• Healey, Donald. "The Road to Glorieta: A Confederate Army Marches Through New Mexico." Heritage Books Inc., 2003. ISBN 0-7884-2378-9.
  • Hollister, Ovando James. "Colorado Volunteers in New Mexico, 1862." R.R. Donnelley, 1962.
  • Kerby, Robert Lee. "Confederate Invasion of New Mexico and Arizona, 1861-1862." Westernlore Publications, 1980. ISBN 978-0-87026-055-1.
  • Nagle, P.G. "Glorieta Pass." [a novel] Forge, 1999. ISBN 0-312-86548-1.
  • Nagle, P.G. "The Guns of Valverde." [a novel] Forge, 2000. ISBN 0-312-86549-X.
  • Scott, Robert. "Glory, Glory, Glorieta: The Gettysburg of the West." Johnson Books,1992. ISBN 1-55566-098-3.
  • Sibley, Henry Hopkins. "The Civil War in West Texas and New Mexico: The Lost Letterbook of Brigadier General Henry Hopkins Sibley." Texas Western Press, 2001. ISBN 0-87404-283-6.
  • Simmons, Mark. "The Battle at Valley's Ranch: First account of the Gettysburg of the West, 1862." San Pedro Press, 1987. ISBN 0-943369-00-2.
  • Thompson, Jerry. "Civil War in the Southwest: Recollections of the Sibley Brigade." Texas A&M University Press, 2001. ISBN 1-58544-131-7.
  • Thompson, Jerry. "Confederate General of the West: Henry Hopkins Sibley." Texas A&M University Press, 1996. ISBN 0-89096-705-9.
  • Whitford, William. "Battle of Glorieta Pass: The Colorado Volunteers in the Civil War." Rio Grande Press, 1990. ISBN 0-87380-171-7.
  • Wilson, John. "When the Texans Came: Missing Records from the Civil War in the Southwest, 1861-1862." University of New Mexico Press, 2001. ISBN 0-8263-2290-5.

Further reading

  • Handbook of Texas Online
  • Bell, Kelly (2008). "Duels in the Desert: Civil War in the Far West".  
  • Frazier, Donald S. (1995). Blood & Treasure: Confederate Empire in the Southwest. College Station, Texas:  
  • Whitlock, Flint (2006). Distant Bugles, Distant Drums: The Union Response to the Confederate Invasion of New Mexico. Boulder, Colorado:  


  1. ^ Bell 2008, p. 10
  2. ^ Josephy 1991, p. 91
  3. ^ Whitlock 2006, p. 60
  4. ^ Frazier 1995, p. 299
  5. ^ Frazier 1995, p. 300
  6. ^ Only the 1st and 2nd regiments had the full ten companies present. the 3rd regiment had eight companies, the 4th had one, and the 5th two companies. (Whitlock 2006, p. 100)
  7. ^ Five companies were of the 5th regiment and three each of the 7th and 10th regiments.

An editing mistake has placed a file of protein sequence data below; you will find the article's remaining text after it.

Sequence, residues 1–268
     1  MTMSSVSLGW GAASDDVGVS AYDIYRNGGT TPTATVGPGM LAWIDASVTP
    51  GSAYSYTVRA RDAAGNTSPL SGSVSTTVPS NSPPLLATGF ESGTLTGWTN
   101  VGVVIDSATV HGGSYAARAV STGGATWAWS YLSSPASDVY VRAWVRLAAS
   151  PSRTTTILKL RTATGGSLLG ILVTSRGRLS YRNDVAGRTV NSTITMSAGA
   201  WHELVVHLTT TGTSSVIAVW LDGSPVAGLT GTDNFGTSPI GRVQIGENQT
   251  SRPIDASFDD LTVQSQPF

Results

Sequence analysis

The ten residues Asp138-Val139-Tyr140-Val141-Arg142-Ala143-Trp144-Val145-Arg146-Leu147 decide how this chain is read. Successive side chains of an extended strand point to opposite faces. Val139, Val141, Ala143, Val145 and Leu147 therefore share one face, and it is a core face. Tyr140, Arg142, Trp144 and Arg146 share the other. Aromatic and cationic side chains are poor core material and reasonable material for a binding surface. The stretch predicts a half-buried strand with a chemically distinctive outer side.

8. ^ Frazier 1995, p. 139
  9. ^ Frazier 1995, p. 34
  10. ^ Josephy 1991, p. 40
  11. ^ Frazier 1995, p. 75
  12. ^ , Series 1, Vol. IV, p. 89Official Records of the Union and Confederate Armies
  13. ^ Frazier 1995, p. 128
  14. ^ Bell 2008, p. 12
  15. ^ Whitlock 2006, p. 142
  16. ^ Frazier 1995, p. 204
  17. ^ Whitlock 2006, p. 166
  18. ^ Whitlock 2006, pp. 220–22
  19. ^ Frazier 1995, p. 278
  20. ^ Nagle, P. G. Glorieta Pass. Cedar Crest, New Mexico: Book View Cafe, 2011. ISBN 978-1611380491
  21. ^ Nagle, P. G. The Guns of Valverde. Cedar Crest, New Mexico: Book View Cafe, 2011. ISBN 978-1611380552


The campaign is described in the historical novels Glorieta Pass[20] and The Guns of Valverde[21] by P. G. Nagle.

Decision Games has published two games dealing with the events of the campaign, both in Strategy & Tactics magazine. The first, Rio Grande: The Battle of Valverde, published in issue 143 and designed by Richard Berg and Dave Arneson. The second game was The Civil War in the Far West: The New Mexico Campaign, 1862, published in 2008's issue 252, covered the entire campaign and was designed by Charles Diamond.

The campaign is part of the backdrop for the 1966 motion picture The Good, the Bad and the Ugly.

In popular culture

Approximately 678 acres (2.74 km2) of the Glorieta Pass battlefield are today protected in the Pigeon's Ranch and Canoncito units of the Pecos National Historical Park near Interstate 25. The Valverde battlefield is no longer preserved in its original state, and the only commemoration of the battle is a marker erected by the United Daughters of the Confederacy near U.S. Route 85 in 1936.

Battlefields today